Anyway, to the plot. One dark and stormy night (that brings to mind the opening of A Link To The Past), two hooded figures approach Mario's house. They are none other than Toad (or a Toad - the game is literally littered with them) and Princess Peach. They carry a letter from Port Prisma, which turns out to be a Toad with all its colour drained. Before you can say "It's-a-me, Mario", the crew set off to the port to discover more. You then pick up a hammer and a Zelda-style exposition fairy, a sentient paint can called Huey. He gives you the power to splash paint with said hammer, and thus the game begins.
The paint hammer enables you to fill in colour-free spots around levels. Filling them all in becomes a compulsive desire: I sometimes went through courses four or five times to find that one elusive spot to wallop into colourful life. Thumping paint everywhere and making a mess is fun on its own, though definitely not as much fun as in Splatoon, to which the game clearly owes a debt. The 'Color' in the title is well-earned - never has the Paper Mario world felt quite this vibrant, or paper-y. Everything looks like it's made from paper or cardboard, and even combat attacks splash with shiny paper crowns. Thought has gone into it, for sure.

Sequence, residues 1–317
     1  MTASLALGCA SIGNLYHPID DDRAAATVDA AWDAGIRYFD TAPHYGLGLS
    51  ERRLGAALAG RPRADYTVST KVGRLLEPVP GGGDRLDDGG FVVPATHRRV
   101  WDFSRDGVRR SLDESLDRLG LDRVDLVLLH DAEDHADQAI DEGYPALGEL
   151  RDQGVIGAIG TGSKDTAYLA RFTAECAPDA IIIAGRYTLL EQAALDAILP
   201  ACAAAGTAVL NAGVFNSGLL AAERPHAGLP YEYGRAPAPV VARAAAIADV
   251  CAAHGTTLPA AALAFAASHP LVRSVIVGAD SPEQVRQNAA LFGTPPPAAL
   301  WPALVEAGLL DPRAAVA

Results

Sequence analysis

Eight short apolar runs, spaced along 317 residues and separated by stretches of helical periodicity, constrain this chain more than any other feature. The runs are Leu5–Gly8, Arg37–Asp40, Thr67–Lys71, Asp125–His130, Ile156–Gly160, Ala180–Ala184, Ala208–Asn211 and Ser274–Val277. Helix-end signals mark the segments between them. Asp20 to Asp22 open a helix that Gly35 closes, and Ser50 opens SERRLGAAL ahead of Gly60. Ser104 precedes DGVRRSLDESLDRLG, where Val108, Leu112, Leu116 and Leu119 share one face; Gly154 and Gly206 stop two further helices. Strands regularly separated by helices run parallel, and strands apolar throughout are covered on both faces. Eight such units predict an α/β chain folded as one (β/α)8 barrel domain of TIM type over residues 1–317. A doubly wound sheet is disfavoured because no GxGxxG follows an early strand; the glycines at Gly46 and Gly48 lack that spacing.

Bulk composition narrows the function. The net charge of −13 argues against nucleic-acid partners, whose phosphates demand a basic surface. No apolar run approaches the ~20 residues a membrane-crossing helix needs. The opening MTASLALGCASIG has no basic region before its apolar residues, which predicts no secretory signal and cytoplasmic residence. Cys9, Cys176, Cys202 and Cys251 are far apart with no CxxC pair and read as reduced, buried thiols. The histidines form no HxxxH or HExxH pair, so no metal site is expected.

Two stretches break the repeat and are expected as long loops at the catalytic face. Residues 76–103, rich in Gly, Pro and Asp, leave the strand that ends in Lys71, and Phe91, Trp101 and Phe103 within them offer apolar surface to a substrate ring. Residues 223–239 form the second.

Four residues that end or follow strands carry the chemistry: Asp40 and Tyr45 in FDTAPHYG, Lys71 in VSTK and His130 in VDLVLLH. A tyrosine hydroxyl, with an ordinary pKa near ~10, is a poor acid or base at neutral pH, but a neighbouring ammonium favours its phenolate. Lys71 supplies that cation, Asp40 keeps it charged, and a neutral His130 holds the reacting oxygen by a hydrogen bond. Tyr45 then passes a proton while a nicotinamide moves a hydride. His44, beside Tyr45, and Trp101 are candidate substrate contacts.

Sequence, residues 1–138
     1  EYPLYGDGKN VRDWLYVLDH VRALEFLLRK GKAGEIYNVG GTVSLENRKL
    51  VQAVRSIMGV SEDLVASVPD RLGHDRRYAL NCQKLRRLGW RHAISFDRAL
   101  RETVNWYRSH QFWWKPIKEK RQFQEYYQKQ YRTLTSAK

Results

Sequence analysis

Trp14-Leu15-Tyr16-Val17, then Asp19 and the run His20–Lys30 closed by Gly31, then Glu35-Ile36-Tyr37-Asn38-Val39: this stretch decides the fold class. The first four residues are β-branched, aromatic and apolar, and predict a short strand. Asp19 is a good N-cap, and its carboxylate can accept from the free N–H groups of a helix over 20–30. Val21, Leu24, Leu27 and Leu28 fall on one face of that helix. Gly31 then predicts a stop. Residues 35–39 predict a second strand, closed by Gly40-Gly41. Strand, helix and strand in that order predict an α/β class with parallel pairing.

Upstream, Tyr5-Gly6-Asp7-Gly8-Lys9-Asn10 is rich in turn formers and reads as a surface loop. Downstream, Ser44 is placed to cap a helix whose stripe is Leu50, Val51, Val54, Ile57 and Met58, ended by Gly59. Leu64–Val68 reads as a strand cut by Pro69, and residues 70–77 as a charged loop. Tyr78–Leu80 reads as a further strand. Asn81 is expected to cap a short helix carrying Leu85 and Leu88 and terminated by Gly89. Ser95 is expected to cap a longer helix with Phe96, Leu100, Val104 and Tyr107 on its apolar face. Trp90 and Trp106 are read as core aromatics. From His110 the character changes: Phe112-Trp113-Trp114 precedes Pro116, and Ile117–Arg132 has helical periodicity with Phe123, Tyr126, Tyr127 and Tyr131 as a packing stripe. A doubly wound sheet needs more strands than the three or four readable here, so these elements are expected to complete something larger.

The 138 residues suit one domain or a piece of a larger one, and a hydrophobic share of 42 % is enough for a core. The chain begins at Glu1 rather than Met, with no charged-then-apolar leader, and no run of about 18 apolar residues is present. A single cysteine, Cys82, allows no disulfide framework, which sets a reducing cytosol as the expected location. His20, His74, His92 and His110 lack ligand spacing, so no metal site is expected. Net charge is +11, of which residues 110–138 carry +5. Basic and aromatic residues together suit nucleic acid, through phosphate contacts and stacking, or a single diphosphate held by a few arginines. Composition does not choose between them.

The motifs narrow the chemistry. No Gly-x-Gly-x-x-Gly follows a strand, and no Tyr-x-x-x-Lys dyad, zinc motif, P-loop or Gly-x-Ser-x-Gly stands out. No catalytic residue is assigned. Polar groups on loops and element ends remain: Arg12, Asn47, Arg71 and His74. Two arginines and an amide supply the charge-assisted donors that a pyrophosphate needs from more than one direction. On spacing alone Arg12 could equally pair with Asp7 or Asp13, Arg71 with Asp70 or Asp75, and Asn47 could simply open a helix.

Remember that 'experimental game' stuff in the first paragraph? The structure of Paper Mario: Color Splash is very odd. You begin to get antsy if you don't got another Paint Star (read 'plot coupon') in a 15-minute stretch, so eager is the game to reward you. Short levels jostle with longer, more involved ones, and you're often stopped from progressing until some plot element takes place (usually beating a boss). There are also some bizarre moments*, like any time a Thing Card is used. These return from Sticker Star, to the groaning of many who faced bosses in that game and were frequently on GameFAQs finding out what to do. This time, however, there's a Toad who'll tell you what Thing Card you need next (though not when, where or how to use it). Anyway, suffice to say that the game is pretty off-the-wall - almost as if the dev team were let off the leash a little more than usual.